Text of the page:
The comorbidity profile among chronic kidney disease (CKD) patients can influence and predispose them to increase mortality and health-care costs. In addition, there could also be a prolongation in the length of hospital stay and recurrent frequency of hospitalization.
This study was predominantly designed to highlight and create awareness concerning the burden of comorbidity profile among CKD patients in renal practice.
Materials and Methods
This was a descriptive prospective study of 18-month duration that was carried out to review the medical case records of consented adult CKD patients attending a Nigerian Tertiary Kidney Care Hospital from January 2015 to June 2016.
This study involved 123 consented adult CKD patients comprising 82 (66.67%) males and 41 (33.33%) females, with a mean age of 53.81 ± 16.03 years. A majority of the respondents 45 (36.59%) were having 2 comorbidities with hypertension in 103 (83.70%), diabetes mellitus in 39 (31.70%), obesity in 24 (19.51%), heart failure in 11 (8.90%), obstructive uropathy in 8 (6.50%), human immunodeficiency virus infection in 7 (5.70%), peptic ulcer disease/gastroesophageal reflux disease in 7 (5.70%), gastroenteritis/gastrointestinal tract sepsis in 6 (4.9%), stroke in 5 (4.10%), adult polycystic kidney disease in 5 (4.10%), and hepatitis B virus infection in 5 (4.10%), being the most frequent. Eighty-six (69.9%) patients were in CKD Stage 5, 15 (12.2%) were in CKD Stage 4, 19 (15.5%) were in CKD Stage 3, 2 (1.6%) in CKD Stage 2, and the remaining one (0.8%) in CKD Stage 1. Regarding the form of nephrological interventions offered, majority of the respondents 66 (53.66%) were on maintenance dialysis, followed by 53 (43.09%) on conservative care, while 4 (3.25%) were on renal graft transplant.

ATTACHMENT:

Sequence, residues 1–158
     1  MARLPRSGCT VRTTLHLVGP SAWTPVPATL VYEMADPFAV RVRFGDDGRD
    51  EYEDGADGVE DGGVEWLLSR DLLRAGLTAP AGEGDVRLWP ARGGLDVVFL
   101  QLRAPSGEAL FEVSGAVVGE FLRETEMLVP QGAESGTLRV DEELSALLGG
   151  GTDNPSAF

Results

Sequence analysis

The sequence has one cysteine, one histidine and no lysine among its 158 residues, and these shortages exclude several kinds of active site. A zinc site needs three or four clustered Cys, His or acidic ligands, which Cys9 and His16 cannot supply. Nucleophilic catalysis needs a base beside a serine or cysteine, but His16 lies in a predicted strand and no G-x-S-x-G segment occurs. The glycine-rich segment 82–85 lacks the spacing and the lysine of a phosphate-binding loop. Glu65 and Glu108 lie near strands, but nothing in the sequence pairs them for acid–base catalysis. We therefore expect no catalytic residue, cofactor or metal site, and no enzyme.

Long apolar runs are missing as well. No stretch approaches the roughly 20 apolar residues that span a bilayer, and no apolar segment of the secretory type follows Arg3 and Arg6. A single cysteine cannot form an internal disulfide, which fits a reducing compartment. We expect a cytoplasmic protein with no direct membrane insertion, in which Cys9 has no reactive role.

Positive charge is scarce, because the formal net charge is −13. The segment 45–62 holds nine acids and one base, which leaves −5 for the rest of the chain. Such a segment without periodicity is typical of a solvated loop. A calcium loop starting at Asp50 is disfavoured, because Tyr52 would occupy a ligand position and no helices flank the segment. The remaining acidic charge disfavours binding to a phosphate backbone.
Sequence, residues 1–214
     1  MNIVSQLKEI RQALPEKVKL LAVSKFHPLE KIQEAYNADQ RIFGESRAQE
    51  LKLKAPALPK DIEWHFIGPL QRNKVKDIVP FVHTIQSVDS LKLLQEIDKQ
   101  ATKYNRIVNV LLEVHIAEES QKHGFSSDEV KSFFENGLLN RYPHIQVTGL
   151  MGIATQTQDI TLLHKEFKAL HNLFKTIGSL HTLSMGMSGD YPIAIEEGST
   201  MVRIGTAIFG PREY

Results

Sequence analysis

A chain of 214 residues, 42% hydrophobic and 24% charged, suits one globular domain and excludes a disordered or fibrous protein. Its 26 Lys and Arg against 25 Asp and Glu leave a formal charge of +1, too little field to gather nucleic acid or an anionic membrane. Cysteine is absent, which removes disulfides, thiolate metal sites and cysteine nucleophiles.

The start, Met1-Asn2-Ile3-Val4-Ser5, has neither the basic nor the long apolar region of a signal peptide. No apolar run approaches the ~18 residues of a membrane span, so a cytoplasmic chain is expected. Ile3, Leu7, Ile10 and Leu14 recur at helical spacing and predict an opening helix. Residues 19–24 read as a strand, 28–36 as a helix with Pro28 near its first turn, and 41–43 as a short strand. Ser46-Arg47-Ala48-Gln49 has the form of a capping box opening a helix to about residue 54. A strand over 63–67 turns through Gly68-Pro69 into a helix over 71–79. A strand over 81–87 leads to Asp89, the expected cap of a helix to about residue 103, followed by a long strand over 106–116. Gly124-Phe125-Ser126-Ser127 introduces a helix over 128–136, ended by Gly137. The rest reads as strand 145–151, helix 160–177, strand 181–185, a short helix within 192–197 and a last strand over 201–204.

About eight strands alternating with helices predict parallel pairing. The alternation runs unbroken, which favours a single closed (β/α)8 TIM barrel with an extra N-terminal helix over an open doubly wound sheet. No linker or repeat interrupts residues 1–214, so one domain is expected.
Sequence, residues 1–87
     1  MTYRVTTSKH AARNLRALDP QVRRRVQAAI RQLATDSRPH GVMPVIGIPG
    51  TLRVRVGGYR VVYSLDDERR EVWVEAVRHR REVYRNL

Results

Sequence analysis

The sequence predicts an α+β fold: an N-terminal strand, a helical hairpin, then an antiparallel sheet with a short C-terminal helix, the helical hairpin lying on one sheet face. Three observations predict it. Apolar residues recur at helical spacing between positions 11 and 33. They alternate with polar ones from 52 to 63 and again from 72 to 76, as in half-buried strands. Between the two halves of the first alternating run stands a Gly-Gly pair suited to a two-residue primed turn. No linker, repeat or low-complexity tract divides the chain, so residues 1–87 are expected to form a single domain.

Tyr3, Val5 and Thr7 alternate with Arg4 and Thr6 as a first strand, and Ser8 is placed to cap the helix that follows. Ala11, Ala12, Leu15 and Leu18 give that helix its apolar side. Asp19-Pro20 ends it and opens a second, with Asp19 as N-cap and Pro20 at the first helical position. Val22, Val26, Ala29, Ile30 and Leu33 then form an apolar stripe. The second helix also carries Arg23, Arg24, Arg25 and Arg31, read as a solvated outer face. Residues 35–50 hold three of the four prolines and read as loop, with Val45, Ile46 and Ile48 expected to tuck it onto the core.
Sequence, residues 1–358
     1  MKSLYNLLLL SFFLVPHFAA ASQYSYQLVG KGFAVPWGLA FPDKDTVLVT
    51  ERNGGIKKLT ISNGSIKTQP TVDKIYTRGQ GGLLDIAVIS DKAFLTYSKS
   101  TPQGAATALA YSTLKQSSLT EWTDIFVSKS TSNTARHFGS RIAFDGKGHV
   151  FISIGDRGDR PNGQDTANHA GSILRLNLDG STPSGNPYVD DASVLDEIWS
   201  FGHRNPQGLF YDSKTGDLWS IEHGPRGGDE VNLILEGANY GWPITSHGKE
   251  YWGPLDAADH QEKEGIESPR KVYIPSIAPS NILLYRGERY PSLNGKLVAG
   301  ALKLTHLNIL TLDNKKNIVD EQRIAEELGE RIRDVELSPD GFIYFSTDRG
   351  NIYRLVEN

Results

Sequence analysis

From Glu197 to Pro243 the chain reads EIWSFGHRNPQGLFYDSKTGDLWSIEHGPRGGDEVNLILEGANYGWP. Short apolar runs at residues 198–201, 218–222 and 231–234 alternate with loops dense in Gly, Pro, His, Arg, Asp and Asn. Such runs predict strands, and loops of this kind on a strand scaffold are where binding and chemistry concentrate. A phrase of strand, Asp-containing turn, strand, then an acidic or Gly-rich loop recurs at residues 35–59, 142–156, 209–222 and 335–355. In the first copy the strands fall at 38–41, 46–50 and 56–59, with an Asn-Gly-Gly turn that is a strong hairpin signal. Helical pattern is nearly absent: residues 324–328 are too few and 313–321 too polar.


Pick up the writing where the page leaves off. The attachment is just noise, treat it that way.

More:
The prevalence rates for comorbidities such as hypertension, diabetes mellitus, and obesity were significantly high among these CKD patients; this agreed with the previous studies conducted in other regions of the world. In this study, the comorbidity profile among CKD patients may significantly increase the risk of mortality, recurrent frequency of hospitalization, length of hospital admission, and health-care costs.